For an alternative that doesn’t involve vinegar—and smells spectacularly fresh and zesty—try your hand at a method that’s proven popular on TikTok. The secret? Citrus! All you need is a juicy lemon. Turns out, the acid in the juice naturally makes quick work of any buildup on faucets or showerheads.

  1. Choose a lemon that feels heavy for its size, an indicator of plenty of juice inside.
  2. Slice the lemon in half with a sharp knife.
  3. Use the cut side to thoroughly scrub the faucet or showerhead, concentrating your efforts on any visible buildup.
  4. Wrap a quart-size or gallon-size plastic bag containing the lemon around the faucet or showerhead. Position the lemon cut side up on the faucet head, then secure in place with a rubber band. Leave it for at least an hour.
  5. After the hour has passed, if necessary, squeeze the lemon gently to release more juice onto the faucet head, then use the head of a soft toothbrush to work juice into holes and crevices.
  6. Rinse by simply running the faucet for a minute with hot water.

Pro tip: For really gunky faucets or showerheads, leave the lemon in place overnight.

How to deep-clean faucets and showerheads

cleaning shower head with a toothbrushTMB Studio



  1. Detach the faucet or showerhead. “For best results, remove the showerhead using a wrench to unscrew the nut located at the shower arm,” Peterson says.
  2. Next, rinse any loose debris out of the faucet or showerhead by placing it upside down and rinsing with a blast of water.
  3. If you notice mineral deposits still lodged inside, Peterson recommends using a small brush doused in vinegar to scrub away any deposits. You’ll probably find yourself completing this step if it’s been a while since your last deep-clean.
  4. Let the faucet or showerhead soak in vinegar overnight.
  5. Reinstall. Before you do, “wrap plumber’s tape around the shower arm entrance to create a tight seal, then use a wrench to reattach the showerhead to the shower arm,” says Peterson.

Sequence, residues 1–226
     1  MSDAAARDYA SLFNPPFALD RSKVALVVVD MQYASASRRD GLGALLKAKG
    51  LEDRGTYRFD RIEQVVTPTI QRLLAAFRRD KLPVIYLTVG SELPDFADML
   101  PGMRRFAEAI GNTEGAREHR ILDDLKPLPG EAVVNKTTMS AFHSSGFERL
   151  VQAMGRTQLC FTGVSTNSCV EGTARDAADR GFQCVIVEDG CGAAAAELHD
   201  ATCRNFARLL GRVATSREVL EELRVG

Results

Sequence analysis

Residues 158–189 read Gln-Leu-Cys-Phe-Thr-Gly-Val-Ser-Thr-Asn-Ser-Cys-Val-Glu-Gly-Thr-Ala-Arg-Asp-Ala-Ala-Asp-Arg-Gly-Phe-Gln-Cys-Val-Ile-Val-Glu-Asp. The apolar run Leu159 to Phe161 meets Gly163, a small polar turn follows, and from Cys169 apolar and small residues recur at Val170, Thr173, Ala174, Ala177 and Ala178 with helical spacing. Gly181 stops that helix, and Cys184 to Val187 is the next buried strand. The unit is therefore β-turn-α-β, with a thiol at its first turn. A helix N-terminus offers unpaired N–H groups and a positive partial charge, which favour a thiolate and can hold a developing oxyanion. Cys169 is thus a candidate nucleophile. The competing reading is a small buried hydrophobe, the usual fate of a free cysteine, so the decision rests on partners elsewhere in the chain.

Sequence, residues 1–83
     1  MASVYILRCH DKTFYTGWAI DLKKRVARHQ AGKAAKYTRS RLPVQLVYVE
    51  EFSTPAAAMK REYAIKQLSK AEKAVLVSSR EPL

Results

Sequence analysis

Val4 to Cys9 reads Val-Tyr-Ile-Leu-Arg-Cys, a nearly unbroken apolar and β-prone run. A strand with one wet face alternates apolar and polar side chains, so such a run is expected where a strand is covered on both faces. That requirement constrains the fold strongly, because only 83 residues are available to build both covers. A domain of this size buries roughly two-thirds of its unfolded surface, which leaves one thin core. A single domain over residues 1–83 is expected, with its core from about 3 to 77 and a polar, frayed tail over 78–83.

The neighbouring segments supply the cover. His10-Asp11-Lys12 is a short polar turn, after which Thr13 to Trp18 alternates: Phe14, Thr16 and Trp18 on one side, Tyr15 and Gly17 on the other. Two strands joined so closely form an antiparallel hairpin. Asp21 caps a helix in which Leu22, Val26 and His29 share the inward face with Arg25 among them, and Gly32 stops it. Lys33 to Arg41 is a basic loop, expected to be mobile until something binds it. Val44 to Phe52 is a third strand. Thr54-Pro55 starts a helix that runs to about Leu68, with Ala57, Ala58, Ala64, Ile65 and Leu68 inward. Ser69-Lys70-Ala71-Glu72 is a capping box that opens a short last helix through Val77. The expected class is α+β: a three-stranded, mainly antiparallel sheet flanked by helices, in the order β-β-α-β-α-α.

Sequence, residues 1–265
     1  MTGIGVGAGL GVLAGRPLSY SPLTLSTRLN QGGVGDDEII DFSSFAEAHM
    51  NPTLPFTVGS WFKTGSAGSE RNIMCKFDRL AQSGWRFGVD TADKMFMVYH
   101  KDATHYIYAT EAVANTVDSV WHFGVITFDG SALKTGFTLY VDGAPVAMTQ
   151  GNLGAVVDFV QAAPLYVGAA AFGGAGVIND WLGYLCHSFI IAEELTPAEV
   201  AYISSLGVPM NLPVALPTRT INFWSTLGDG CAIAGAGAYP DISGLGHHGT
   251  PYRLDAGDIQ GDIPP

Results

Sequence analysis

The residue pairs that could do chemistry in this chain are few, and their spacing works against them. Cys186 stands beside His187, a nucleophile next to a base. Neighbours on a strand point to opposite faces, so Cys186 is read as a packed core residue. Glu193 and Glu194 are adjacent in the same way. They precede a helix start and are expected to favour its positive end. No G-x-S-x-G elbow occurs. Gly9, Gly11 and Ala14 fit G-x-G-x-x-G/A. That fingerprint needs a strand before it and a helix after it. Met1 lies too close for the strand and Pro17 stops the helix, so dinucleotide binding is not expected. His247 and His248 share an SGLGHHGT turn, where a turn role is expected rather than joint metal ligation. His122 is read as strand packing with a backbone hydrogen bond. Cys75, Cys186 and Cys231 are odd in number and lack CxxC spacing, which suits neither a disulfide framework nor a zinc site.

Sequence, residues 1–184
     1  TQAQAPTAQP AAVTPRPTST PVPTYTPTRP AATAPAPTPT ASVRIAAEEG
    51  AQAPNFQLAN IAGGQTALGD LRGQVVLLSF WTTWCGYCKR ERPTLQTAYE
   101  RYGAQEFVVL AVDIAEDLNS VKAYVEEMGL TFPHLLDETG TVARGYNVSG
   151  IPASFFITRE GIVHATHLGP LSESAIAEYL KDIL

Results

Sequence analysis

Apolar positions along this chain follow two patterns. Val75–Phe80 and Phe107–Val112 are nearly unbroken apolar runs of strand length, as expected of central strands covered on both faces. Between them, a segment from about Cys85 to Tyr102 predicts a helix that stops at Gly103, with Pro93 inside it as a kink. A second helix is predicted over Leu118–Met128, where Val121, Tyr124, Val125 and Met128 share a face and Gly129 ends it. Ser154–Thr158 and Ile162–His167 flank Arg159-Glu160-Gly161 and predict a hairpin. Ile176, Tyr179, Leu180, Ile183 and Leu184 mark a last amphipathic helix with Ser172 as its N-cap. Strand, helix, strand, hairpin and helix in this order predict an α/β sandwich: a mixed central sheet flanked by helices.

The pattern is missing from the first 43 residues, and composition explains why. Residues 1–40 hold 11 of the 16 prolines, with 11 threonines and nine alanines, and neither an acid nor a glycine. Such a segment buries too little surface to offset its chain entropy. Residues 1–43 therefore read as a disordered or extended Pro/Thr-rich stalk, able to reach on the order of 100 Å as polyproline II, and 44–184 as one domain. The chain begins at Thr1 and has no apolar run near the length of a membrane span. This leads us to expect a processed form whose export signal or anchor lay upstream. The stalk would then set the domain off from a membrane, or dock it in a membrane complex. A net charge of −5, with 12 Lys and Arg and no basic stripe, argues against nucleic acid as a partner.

6. Once the showerhead is reinstalled, turn on the shower for a few minutes to clear out any residual vinegar. You may want to start with a gentle stream and then increase, just in case the showerhead isn’t completely sealed.

Pro tip: Use a rag or microfiber cleansing cloth along with the wrench to protect the finish on the faucet or shower arm, suggests Peterson.

The best faucet head cleaners

How do you remove sediment and buildup from faucets and showerheads?

“The buildup of calcium and magnesium minerals in hard water causes limescale,” says Peterson. You can remove some of it with the quick-clean method outlined above, or you can remove more of it by following the step-by-steps for deep-cleaning. To prevent limescale from building up in the first place, Peterson strongly recommends installing a water softener and maintaining it regularly.

How often should you clean your faucets and showerhead?

Ideally, you should clean the showerhead once a month to remove mineral buildup. A deep-clean should be done at least two times a year but ideally once every four months. This ensures a cleaner showerhead and a more enjoyable showering experience.

Now that you know how to clean your faucet heads and showerheads, find out how to clean other oft-overlooked but important items, including your oven racks and oven glass door.

Additional reporting by Wendy Rose Gold.


Jonna Gallo Weppler
Jonna Gallo Weppler is an award-winning service journalist with 20-plus years of experience covering all things lifestyle—her areas of expertise include food, personal finance, organizing and entertaining. When she isn’t researching or writing stories for national magazines, she enjoys cooking, hanging out with her teenagers and coaxing the family cat to be more cooperative.